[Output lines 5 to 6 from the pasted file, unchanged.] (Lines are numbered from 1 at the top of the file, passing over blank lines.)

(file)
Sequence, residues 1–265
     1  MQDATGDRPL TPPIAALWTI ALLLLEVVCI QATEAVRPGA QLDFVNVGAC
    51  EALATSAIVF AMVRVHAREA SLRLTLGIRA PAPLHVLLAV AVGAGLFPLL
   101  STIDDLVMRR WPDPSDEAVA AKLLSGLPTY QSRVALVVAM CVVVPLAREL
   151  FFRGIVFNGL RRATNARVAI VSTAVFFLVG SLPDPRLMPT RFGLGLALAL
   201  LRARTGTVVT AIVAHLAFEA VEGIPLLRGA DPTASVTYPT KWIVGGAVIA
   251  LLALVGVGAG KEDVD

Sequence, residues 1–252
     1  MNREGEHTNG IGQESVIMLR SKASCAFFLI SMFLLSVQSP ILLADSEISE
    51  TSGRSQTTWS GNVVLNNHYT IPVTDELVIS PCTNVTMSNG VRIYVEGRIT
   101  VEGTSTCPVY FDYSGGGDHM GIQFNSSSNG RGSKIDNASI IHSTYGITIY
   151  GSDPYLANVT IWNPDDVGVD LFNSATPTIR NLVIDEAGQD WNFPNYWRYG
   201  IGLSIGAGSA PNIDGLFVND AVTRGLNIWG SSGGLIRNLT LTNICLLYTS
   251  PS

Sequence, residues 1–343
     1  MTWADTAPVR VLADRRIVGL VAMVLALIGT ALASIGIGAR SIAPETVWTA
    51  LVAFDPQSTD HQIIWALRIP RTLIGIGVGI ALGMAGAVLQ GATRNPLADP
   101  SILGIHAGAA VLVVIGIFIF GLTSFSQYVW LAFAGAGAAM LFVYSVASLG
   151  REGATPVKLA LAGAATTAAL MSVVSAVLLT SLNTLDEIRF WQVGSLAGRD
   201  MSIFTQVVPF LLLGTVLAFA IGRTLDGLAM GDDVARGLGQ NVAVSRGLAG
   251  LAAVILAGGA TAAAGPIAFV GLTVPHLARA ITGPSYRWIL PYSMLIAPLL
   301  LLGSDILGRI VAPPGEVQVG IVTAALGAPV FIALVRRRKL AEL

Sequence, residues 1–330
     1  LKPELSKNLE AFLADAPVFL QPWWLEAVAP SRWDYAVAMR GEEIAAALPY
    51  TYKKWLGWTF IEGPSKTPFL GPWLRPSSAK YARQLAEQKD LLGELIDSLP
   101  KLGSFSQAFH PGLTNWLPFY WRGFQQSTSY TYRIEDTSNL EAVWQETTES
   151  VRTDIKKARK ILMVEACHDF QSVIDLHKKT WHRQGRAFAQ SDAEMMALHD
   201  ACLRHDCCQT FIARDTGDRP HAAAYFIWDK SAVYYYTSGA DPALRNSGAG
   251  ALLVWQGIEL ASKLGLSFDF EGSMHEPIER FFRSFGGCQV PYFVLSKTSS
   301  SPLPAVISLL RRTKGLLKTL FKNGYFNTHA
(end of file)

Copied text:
   151  FFRGIVFNGL RRATNARVAI VSTAVFFLVG SLPDPRLMPT RFGLGLALAL
   201  LRARTGTVVT AIVAHLAFEA VEGIPLLRGA DPTASVTYPT KWIVGGAVIA